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Race Day : July 13th 1997

Ferrari expected to fly, whilst young pretenders lust for glory at the 32nd British Grand Prix

The major focus of attention at Silverstone this weekend will be the battle for pole position, as the Ferrari-Williams encounter is reopened on home turf and the McLaren, Benetton and Jordan teams strive for a slice of the victory pie.

For the Jordan team, located a mere 50 yards from the circuit gates, it should be a straight forward event. "The British Grand Prix is very different to the other races," explained Boss Eddie Jordan. "not simply because it is our home, but because of the historical connections. Eddie Jordan racing was the first team to set up at Silverstone in 1980 and the Grand Prix acts as a reminder of how far we have come since then. It is also the closest race to Ireland so we have a huge number of fans who come to see us."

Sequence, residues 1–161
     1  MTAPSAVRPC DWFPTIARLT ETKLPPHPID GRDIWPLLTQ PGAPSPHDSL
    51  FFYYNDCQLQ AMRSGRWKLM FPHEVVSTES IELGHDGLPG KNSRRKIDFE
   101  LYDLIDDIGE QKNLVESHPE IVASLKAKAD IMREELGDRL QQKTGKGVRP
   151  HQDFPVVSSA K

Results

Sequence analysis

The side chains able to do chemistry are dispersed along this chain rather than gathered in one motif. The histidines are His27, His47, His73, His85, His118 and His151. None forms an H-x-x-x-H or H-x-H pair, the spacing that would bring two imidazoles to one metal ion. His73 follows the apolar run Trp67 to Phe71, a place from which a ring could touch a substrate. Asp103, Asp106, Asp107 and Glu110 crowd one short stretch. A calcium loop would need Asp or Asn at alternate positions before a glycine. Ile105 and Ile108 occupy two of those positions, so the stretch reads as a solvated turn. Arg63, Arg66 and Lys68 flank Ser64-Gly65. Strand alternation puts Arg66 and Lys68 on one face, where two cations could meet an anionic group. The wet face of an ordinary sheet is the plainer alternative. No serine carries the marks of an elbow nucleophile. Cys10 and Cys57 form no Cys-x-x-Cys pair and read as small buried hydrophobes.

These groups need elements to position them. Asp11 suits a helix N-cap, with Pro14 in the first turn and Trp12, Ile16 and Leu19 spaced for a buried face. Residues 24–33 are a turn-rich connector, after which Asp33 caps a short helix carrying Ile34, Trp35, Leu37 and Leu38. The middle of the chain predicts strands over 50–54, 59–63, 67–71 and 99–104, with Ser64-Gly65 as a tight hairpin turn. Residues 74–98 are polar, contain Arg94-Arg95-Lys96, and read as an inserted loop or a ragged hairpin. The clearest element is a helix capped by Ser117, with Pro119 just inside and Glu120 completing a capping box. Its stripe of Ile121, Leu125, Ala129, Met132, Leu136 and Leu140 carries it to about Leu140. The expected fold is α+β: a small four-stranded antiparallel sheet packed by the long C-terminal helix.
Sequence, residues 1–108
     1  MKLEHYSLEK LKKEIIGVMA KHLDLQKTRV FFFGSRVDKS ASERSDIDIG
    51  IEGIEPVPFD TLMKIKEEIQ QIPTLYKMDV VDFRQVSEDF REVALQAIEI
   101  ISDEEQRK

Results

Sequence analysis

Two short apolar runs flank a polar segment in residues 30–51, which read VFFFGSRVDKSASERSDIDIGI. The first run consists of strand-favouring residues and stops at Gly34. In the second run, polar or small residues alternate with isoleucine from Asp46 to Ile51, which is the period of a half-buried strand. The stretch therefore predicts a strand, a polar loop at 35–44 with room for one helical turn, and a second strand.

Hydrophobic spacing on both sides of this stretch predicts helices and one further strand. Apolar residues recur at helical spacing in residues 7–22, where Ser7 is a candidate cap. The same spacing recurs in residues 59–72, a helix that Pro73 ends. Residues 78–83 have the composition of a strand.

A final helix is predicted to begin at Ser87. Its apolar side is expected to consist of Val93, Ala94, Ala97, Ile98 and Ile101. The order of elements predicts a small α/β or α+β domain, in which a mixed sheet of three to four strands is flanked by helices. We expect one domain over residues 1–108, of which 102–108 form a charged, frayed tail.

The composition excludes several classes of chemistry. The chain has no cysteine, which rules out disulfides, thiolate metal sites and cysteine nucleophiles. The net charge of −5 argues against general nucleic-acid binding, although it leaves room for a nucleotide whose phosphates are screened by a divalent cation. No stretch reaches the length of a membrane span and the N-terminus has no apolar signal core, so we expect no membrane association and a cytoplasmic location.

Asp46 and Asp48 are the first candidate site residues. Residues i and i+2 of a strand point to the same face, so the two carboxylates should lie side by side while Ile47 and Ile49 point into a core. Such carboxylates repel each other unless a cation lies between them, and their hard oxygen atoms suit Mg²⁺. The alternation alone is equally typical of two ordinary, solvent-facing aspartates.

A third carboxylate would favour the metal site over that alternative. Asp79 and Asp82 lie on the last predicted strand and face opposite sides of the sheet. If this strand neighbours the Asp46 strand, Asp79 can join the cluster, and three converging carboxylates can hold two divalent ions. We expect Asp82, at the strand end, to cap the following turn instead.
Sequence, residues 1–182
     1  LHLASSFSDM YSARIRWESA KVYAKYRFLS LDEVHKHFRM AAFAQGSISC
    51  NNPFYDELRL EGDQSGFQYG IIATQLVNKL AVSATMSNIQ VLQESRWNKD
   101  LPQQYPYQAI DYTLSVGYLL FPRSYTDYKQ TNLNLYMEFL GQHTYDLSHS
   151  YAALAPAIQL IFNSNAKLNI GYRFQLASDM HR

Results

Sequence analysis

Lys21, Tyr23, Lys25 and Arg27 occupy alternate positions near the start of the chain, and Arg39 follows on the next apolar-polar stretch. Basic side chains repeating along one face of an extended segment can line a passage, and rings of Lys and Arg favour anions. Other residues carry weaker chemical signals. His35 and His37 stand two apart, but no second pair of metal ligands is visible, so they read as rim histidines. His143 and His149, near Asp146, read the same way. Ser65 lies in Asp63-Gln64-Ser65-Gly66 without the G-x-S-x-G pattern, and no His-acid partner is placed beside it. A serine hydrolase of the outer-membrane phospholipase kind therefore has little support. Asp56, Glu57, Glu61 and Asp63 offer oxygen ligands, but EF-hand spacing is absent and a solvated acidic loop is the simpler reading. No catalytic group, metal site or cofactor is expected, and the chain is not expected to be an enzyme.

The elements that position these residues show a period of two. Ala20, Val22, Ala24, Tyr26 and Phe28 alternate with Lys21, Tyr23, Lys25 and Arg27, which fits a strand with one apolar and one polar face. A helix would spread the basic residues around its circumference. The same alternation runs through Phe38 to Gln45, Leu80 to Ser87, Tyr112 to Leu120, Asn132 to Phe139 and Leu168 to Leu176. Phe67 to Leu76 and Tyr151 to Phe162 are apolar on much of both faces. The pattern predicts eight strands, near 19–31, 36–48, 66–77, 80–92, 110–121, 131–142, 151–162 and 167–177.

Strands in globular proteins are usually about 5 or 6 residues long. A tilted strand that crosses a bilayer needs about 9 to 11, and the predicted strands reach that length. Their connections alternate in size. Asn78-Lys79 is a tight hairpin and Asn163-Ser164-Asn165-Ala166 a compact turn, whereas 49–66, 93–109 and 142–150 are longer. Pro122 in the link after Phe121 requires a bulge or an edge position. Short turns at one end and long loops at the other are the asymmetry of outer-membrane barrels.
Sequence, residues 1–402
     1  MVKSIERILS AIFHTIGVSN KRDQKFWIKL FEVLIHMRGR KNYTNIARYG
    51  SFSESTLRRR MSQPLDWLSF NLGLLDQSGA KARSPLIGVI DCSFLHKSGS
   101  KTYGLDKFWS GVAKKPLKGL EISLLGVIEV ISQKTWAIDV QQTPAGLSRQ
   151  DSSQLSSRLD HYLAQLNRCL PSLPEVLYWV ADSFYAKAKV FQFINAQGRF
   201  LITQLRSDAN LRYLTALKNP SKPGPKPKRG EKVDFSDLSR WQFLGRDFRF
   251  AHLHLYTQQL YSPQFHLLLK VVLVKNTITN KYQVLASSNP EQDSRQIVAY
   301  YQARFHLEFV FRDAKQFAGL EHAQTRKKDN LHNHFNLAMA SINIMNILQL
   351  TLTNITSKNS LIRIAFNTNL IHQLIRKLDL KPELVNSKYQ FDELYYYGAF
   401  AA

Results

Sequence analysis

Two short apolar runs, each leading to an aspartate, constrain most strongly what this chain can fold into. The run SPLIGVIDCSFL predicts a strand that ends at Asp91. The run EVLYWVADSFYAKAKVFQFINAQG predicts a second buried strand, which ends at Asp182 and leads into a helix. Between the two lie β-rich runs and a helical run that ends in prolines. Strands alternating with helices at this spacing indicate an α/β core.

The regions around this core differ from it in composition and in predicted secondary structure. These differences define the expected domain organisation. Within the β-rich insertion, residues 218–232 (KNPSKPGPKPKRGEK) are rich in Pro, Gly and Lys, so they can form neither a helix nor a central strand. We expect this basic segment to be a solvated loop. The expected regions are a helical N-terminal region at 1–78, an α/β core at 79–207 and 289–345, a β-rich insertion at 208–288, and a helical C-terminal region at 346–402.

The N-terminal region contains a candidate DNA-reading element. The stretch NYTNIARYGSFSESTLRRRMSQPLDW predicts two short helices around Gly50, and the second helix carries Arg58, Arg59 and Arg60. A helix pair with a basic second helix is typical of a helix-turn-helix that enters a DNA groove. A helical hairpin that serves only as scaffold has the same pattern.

Silverstone is not favoured by drivers as their circuit of choice. Windy and bleak, at times, desolate and lacking in the picturesque qualities that make circuits like Spa and Imola so ‘user friendly’, it is first and foremost a ‘high speed’ track and despite subsequent redesigning of some corners, it still remains one of the fastest.